Book cover for "What the L? - 25 Thing We Wish We'd Known Before Going to Law School"Our reference librarians have put together comprehensive research guides, which will help you locate sources and give you the issue overview.  Search by subject or keywords. 

Book Cover for "Law School Exams - A Guide to Better Grades"Check out our final exam course book display.  Selected from our Reserve Collection, the books displayed offer a range of topics: strategies to maximize your grades during your first year to a survival manual for the bar exam.  Read some of the firsthand accounts of outline and exam prep in What the L by Elizabeth Shelton, Kelsey May, and Samantha Roberts. 

For practical advice on improving grades, and mastering time-management and case-briefing techniques, refer to Alex Schimel's Law School Exams: A Guide to Better Grades.  

Thriving at UConn Law

Author: 

image of an artistic rendering of a tree with orange, yellow, and red leaves.Everyone loves Fall- the leaves are changing, the air is crisp, and there are apple cider donuts around every corner. Unfortunately for law students, Fall is also when coursework begins to pile up and deadlines start to feel more imminent than the first hard frost. For 1L’s, this time of year is also means preparing for Mock Trial competitions and the beginning of commitments to other extra-curricular activities. On top of that, first year students might find that sitting down to outline for the first time feels a bit like getting lost in a corn maze.

Luckily for students at UConn Law, the library and administrative staff have seen it all before and have prepared resources to help students power through the tough Fall season.  In addition to exam preparation sessions (keep an eye on your email inboxes) and access to research librarians, “Thriving at UConn Law” is a new LibGuide on the library website that is designed to help keep your academic and personal life on track. The guide is broken down into three simple topics: mindfulness and stress relief, productivity, and healthy living. Each of these pages contains a curated list of quick tips, books, and other practical advice for staying on top of your game. If you checked out the guide at the beginning of the semester, pop back in for updates and even more helpful tips. Check it out at: http://libguides.law.uconn.edu/thrive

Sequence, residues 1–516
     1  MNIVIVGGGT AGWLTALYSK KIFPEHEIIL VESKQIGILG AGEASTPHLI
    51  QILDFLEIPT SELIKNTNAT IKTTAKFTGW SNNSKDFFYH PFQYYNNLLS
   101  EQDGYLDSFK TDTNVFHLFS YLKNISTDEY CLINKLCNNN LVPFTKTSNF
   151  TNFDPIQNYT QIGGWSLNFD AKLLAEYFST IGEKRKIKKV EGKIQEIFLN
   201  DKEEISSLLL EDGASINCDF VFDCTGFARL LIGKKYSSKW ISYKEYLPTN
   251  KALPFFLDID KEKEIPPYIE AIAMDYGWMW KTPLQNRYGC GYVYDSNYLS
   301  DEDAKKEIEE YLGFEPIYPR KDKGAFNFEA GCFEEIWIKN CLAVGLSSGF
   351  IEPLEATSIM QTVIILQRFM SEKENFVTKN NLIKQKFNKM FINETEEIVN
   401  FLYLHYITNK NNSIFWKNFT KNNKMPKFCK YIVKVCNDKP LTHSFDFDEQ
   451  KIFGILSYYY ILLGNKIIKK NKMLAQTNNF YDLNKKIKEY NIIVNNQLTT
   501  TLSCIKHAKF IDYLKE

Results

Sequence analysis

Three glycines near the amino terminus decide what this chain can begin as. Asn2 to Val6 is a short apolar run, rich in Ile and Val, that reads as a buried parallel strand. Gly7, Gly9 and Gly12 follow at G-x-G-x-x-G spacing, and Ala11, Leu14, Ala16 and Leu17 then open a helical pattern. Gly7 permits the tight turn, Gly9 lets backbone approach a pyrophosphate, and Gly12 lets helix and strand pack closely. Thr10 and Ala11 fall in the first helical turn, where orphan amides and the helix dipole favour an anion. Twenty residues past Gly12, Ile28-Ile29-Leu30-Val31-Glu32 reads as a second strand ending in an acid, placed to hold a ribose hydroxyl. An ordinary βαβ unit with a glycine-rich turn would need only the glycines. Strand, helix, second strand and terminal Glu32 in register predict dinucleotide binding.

Using the Law Library's Catalog

Author: 

The UCONN Law Library’s catalog allows you to search and locate materials in the library’s physical collection, as well as access a wide variety of electronic resources.

There is a persistent search bar on the Law Library’s homepage, or you can reach the catalog directly at http://s.uconn.edu/LawLibCatalog.

Image of an empty search box

What’s in the catalog?

  • Print books
  • Print journals
  • Other print sources
  • E-books
  • E-journals
  • Databases
  • Articles
  • Other electronic resources
  • Microform
  • DVDs

This Year's Orientation Book: "Just Mercy" by Bryan Stevenson

Author: 

Image of the front cover of the book, Just Mercy, by Bryan Steven.This year, all incoming students read Bryan Stevenson’s Just Mercy, a memoir recounting the author’s legal career representing death row inmates, juveniles sentenced to life imprisonment, people with mental illness, and others. In telling the stories of individuals’ interactions with the criminal justice system, Stevenson exposes the ongoing problems of racism, inadequate legal representation, and mass incarceration.

Stevenson’s recent project is creating the country’s first memorial to the victims of lynching, to be constructed in Montgomery, Alabama. His organization, the Equal Justice Initiative, has spent years researching reports of lynchings, and have been able to document over 4,000 between 1877 and 1950. He connects the current racial disparities in capital punishment with lynchings that occurred into the twentieth century. He is not alone in this view; a recent book, Courting Death: the Supreme Court and Capital Punishment (available in the library), makes the same connection.